Author – Roger Raffee
Genre – Western
449 Amazon Pages
Rating 3 stars out of five Posted 10/14/16
In my opinion, the author was far too ambitious with this story. His attempt to cover the life of his whole family in one book became boring, especially near the end. The main plot is supposedly based on an actual character with fictional scenes added to extend and enhance the story. The early western story on its own would have been more engrossing. The later scenes drifted away from the early western plot.
The story begins in 1927 with a grandfather telling his grandson the story of the boy's great grandfather, Aaron Raffee. That would be a good introduction for the main story, except the author kept reverting back to them every few chapters. Usually the pair would go to a private club where the senior Raffee played cards with Geo. Burns, Jack Benny and Georgie Jessel. This detracted from the western story and only slowed the main plot down.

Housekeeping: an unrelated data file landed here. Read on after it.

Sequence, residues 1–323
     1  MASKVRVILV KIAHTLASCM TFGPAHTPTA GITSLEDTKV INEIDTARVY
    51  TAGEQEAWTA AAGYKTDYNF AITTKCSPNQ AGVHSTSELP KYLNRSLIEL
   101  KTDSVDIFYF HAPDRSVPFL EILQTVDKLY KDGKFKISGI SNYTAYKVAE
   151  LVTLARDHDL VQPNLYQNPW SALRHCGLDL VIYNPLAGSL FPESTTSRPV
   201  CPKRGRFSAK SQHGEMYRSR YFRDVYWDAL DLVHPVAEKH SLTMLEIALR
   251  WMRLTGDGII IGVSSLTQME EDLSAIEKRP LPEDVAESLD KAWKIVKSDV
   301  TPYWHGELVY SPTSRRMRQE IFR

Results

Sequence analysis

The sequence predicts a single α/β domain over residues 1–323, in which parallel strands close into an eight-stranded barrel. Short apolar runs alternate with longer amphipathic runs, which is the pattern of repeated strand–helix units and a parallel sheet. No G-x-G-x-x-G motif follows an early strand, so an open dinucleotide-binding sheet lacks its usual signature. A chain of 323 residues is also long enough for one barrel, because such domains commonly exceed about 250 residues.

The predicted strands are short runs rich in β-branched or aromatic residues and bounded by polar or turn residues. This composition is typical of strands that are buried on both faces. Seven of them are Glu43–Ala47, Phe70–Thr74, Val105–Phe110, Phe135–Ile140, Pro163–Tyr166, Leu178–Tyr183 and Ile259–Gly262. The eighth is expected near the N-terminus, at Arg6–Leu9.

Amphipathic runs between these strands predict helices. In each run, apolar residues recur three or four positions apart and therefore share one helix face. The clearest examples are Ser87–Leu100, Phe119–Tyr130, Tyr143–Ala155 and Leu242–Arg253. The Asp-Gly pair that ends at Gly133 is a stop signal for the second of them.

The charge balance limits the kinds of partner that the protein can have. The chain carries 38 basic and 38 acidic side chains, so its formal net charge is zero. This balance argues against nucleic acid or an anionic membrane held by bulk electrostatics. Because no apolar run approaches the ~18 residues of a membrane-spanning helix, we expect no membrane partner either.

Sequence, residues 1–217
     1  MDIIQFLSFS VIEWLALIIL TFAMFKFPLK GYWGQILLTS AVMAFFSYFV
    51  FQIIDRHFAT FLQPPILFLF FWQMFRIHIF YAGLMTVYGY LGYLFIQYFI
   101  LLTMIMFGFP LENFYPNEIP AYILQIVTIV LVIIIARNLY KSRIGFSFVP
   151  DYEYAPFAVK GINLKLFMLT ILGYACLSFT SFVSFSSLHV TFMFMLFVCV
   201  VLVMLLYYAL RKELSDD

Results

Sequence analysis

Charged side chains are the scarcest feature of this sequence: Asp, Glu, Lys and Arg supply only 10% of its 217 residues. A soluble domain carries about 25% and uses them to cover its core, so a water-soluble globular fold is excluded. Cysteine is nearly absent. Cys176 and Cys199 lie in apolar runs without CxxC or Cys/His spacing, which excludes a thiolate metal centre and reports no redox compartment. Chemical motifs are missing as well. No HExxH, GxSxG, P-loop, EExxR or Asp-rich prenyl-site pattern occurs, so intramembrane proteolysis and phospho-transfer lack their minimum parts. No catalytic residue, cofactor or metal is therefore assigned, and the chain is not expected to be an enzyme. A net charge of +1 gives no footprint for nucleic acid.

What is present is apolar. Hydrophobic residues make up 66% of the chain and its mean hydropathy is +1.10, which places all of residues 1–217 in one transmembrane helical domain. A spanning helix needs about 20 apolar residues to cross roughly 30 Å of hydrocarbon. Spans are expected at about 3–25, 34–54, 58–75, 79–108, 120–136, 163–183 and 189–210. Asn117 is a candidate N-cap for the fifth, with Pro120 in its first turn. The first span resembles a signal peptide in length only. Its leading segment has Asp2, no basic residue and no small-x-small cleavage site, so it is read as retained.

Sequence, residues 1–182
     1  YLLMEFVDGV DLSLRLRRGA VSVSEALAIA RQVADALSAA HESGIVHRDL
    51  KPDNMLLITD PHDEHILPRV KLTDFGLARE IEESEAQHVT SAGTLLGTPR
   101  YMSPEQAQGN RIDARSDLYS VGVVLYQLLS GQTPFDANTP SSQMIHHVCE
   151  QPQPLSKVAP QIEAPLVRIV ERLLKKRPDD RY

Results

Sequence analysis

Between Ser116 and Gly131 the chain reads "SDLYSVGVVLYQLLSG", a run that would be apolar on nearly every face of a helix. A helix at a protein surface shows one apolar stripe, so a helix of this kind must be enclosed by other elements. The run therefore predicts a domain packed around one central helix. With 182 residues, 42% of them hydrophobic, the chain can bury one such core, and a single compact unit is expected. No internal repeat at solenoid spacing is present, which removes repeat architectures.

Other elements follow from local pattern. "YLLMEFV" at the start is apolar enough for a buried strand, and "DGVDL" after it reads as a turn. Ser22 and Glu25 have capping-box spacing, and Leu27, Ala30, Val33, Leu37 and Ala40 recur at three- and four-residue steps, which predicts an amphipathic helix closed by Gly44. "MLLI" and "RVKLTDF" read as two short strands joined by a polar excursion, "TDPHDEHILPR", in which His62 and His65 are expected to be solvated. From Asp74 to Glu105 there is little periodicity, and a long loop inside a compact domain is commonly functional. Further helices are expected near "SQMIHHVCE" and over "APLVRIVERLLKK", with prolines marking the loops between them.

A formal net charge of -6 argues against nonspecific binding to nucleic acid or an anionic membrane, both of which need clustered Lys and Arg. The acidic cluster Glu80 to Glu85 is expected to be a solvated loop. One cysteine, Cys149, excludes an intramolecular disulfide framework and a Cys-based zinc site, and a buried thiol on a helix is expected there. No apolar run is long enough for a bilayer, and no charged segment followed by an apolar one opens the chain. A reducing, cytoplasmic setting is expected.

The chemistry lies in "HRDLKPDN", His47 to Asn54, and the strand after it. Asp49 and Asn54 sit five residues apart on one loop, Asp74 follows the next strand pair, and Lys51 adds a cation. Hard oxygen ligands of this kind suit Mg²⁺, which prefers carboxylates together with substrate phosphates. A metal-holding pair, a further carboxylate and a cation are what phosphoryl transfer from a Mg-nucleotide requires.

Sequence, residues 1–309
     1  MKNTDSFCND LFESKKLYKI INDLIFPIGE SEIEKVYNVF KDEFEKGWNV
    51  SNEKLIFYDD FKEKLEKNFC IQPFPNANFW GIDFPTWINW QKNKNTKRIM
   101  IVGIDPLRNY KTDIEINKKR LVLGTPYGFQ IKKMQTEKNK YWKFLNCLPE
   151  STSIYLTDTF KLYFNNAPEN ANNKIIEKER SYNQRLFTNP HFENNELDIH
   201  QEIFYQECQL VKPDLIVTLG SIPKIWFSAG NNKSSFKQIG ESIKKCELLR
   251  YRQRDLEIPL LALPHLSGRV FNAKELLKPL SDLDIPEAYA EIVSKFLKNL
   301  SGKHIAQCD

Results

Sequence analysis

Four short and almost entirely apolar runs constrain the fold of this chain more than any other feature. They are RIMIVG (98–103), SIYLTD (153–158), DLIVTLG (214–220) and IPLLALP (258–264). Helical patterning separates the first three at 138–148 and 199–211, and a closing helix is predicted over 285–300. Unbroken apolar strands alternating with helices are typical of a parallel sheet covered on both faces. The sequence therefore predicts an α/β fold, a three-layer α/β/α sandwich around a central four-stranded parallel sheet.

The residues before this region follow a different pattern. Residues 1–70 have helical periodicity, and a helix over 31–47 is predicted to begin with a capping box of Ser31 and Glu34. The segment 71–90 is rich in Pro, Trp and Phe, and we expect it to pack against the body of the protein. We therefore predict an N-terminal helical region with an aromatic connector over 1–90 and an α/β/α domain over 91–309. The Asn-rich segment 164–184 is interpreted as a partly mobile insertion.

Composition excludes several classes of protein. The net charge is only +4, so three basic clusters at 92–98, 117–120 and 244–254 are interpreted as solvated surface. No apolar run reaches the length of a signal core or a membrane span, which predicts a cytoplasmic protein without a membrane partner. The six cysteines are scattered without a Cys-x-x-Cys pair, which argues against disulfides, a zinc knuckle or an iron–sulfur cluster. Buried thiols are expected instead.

The western story was good with plenty of action. The time was around 1870. When he was eighteen, Aaron Raffee became the first Jewish Texas Ranger. There were many forays into Mexico chasing bandits and doing general hell raising.
Many historical characters were incorporated into the plot: Tom Mix, John Wesley Hardin, Poncho Villa, Quanah Parker and Wyatt Earp to name a few. Personally, I don't like the use of notable persons in fiction stories where acts and dialog are attributed to them without documentation to base it on.
The great grandfather's western scenes were imaginative, if a bit over the top, and held my interest.
Racial prejudice against the Jewish people was a strong theme throughout the story.
The level of editing is mediocre. In to is used hundreds of times instead of the single word into. Quotation mark usage is a major problem and there are many cases where the wrong words are used.
Scene breaks are missing, allowing different scenes in different locations to run together.
The story is a decent read, but I don't recommend it strongly.
This review was provided in exchange for a free book.
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